Because I know it will be asked, we did keep Kyle very heavily involved in all of the decision making process. We explained to him what school was going to look like, and the real possibility that kids could go back to school, just for things to get bad again and there be a full closure. We even asked him if he'd want to go back to his private school which would be five full days of school and he verbally told me that he didn't want to go back to any school public or private until things were back to normal, and that when they were normal he wanted to go to public school where he'd be with all his friends from church and the neighborhood. So while this was mostly a mutually agreed conversation between Derek and I, Kyle was also 100% onboard with no backlash at all.
For anyone who is curious and still reading, we are using curriculum entirely from The Good and The Beautiful. My main reason for going this route was because it was highly rated by all my homeschool friends, they claim to be a touch more rigorous than public school so I hopefully won't have to worry about Kyle being behind when he does go back to school, and it was much cheaper than most other curriculums we researched. We bought everything he needed for math, science, english, social studies, and handwriting for $130. When we tried to piece everything together with companies we've used in the past, the totals were $400+. I love that TGATB has everything for the student and teacher bundled together whereas other places have packs you have to purchase for the student, and packs you have to buy for the parents. So it turns into you paying double for all the things. I just loved that TGATB was all inclusive with everything, and it was generally more affordable than other places and highly rated by my mama friends!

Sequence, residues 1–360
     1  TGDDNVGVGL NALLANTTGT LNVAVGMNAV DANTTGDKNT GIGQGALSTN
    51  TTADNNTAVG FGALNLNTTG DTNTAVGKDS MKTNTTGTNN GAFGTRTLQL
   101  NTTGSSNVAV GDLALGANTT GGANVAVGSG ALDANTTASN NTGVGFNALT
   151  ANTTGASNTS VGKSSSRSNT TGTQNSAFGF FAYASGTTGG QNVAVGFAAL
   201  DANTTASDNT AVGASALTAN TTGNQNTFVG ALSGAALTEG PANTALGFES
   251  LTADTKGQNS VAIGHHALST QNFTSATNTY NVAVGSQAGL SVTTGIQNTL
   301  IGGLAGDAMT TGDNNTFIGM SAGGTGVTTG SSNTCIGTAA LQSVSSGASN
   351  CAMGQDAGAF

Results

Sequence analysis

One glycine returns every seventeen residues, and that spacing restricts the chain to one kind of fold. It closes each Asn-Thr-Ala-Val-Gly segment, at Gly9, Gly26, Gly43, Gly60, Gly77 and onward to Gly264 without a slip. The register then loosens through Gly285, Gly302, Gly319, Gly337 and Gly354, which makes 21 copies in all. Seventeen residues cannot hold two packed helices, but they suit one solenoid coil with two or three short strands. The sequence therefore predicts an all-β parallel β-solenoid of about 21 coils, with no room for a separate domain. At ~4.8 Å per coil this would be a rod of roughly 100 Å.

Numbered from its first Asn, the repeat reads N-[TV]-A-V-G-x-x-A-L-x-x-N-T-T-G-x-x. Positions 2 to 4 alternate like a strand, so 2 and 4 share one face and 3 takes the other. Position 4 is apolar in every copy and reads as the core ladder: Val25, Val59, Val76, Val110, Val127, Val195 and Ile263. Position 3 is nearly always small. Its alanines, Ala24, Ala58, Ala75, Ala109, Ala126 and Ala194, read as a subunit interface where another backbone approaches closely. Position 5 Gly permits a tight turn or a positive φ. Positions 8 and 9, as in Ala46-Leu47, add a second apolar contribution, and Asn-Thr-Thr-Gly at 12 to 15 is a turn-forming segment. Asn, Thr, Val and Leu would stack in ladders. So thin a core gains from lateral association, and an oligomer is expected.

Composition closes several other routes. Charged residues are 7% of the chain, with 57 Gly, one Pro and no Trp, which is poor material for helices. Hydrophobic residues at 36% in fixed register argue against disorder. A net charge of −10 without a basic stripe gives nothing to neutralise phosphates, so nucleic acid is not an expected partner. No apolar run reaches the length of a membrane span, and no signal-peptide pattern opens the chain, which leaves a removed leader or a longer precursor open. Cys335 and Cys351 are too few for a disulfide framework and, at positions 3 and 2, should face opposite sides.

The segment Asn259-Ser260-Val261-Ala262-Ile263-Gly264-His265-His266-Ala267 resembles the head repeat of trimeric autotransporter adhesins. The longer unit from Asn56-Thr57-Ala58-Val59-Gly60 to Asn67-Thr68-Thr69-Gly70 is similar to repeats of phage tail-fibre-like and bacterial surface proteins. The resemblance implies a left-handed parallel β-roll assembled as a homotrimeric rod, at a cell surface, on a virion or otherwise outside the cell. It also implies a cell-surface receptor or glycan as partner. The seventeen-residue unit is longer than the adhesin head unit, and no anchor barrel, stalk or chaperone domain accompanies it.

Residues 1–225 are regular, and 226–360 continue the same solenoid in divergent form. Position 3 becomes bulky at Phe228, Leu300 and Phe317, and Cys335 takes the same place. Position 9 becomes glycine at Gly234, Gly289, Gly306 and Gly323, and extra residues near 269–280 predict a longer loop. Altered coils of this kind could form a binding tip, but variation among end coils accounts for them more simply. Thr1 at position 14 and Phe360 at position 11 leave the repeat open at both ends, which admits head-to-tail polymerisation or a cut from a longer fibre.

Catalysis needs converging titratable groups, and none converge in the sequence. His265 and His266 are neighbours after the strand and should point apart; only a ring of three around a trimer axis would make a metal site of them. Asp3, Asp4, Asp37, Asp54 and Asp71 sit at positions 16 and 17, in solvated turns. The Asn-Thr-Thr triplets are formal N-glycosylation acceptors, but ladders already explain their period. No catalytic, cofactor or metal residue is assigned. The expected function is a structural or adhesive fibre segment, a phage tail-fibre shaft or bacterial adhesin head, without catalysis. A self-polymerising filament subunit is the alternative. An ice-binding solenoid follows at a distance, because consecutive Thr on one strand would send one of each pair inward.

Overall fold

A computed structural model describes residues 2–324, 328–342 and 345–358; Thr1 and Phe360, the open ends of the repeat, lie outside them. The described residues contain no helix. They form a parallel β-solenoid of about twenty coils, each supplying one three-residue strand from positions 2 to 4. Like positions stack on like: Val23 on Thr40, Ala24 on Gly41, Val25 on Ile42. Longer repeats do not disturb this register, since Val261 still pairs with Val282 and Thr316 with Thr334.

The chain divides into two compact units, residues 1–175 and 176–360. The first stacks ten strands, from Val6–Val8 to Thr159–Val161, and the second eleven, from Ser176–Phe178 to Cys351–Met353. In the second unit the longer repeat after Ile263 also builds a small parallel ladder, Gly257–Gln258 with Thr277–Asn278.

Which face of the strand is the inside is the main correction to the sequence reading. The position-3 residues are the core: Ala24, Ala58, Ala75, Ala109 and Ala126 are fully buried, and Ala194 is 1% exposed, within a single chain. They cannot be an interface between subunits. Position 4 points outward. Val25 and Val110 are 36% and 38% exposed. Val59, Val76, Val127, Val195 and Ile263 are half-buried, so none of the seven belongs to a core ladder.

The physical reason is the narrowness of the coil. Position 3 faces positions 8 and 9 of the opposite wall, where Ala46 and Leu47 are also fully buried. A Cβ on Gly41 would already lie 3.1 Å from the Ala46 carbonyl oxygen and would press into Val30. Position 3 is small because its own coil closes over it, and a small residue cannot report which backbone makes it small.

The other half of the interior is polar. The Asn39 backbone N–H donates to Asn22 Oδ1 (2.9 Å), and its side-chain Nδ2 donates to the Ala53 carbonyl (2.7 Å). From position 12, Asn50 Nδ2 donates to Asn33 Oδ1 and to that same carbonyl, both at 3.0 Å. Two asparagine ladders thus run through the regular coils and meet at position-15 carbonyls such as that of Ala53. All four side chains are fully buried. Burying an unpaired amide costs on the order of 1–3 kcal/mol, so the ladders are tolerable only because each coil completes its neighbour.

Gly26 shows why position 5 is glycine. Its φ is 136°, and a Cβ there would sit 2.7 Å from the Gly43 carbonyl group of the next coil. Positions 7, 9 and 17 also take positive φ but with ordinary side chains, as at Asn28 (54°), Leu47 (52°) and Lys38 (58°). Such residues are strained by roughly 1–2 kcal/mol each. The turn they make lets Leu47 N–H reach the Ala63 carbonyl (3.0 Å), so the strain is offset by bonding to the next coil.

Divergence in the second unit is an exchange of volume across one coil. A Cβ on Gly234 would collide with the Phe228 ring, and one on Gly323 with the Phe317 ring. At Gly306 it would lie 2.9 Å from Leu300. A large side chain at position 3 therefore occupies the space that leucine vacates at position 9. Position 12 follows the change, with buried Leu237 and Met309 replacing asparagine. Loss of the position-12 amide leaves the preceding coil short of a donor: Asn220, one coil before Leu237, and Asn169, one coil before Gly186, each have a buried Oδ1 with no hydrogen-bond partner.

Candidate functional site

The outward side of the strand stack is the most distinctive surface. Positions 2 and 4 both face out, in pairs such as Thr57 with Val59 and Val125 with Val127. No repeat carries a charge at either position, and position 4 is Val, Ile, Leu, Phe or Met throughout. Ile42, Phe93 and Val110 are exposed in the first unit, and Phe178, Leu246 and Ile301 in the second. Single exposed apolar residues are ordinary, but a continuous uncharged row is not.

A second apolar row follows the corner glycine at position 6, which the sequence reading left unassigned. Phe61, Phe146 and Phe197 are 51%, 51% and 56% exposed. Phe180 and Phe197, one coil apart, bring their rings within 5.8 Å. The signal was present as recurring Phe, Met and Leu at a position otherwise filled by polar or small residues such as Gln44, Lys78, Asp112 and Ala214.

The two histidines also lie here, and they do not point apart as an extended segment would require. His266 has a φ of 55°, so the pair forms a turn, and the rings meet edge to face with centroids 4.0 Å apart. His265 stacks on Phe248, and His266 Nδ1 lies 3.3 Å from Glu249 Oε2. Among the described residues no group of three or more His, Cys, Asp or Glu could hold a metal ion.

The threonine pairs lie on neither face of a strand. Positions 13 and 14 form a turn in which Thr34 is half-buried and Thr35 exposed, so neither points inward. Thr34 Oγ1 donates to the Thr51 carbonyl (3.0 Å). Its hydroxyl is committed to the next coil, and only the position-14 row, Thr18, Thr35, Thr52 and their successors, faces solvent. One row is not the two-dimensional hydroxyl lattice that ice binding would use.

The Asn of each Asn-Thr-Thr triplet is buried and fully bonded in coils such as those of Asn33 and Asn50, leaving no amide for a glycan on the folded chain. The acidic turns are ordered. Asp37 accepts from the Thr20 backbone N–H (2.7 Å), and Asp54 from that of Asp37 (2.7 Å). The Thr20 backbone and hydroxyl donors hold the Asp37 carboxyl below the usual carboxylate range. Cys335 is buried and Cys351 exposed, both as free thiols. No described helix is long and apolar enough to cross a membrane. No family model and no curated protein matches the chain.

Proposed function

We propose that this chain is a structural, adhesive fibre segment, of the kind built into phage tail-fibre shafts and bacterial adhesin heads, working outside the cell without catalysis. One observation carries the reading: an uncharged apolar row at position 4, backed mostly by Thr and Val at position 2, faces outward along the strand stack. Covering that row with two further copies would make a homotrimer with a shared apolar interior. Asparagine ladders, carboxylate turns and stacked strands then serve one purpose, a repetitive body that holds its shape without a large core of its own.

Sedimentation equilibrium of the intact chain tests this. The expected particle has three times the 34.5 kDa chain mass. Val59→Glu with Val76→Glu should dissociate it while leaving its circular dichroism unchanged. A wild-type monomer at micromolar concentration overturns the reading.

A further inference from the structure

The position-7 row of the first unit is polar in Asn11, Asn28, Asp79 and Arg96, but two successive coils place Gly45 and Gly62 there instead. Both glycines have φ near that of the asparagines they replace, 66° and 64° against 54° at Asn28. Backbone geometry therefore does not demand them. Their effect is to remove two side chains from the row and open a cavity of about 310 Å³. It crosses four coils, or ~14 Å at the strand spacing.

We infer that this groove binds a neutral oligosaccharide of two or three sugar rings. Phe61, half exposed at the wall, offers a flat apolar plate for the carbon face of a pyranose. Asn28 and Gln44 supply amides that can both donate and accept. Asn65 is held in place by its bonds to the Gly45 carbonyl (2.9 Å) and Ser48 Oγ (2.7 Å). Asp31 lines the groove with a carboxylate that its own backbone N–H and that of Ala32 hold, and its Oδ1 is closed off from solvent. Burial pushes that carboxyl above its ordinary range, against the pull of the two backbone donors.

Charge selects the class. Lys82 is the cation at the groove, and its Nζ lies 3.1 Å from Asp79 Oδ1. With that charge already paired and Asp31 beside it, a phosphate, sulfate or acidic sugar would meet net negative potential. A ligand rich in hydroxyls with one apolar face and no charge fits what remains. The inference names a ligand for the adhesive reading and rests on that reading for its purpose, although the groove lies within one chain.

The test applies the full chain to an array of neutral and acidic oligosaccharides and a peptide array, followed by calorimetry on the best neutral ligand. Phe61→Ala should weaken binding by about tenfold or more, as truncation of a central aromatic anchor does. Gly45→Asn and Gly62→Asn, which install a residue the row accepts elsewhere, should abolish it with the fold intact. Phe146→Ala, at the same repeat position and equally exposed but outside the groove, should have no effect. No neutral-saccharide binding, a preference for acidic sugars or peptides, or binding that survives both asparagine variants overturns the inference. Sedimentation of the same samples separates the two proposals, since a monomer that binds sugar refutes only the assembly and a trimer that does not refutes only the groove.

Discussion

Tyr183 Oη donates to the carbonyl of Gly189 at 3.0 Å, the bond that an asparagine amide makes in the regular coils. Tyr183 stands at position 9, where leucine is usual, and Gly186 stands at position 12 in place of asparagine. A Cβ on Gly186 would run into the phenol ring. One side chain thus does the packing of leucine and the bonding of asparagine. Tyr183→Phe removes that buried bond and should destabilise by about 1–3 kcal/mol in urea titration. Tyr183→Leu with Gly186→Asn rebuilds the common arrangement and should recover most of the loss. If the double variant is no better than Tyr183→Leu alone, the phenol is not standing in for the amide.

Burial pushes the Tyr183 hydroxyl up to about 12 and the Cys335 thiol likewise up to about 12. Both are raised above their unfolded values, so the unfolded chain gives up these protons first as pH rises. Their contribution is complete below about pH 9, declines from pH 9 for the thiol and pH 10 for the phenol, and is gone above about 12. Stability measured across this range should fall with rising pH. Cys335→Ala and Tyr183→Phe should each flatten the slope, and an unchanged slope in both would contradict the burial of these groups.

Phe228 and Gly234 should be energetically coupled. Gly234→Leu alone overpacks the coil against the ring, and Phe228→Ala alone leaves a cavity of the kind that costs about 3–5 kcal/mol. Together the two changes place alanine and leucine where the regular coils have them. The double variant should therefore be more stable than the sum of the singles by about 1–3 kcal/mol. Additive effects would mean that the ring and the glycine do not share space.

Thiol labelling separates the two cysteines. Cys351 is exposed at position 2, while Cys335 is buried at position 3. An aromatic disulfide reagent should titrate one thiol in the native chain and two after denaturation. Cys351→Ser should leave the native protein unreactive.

I think that is everything you'd ever want to know about our homeschool situation for next year. We'll be sure to keep you updated with how this all shakes out in practice over the coming months. The district has said school won't go back to normal until January at the earliest, so we know we'll be doing this for at least the next 4-5 months. Wish us luck!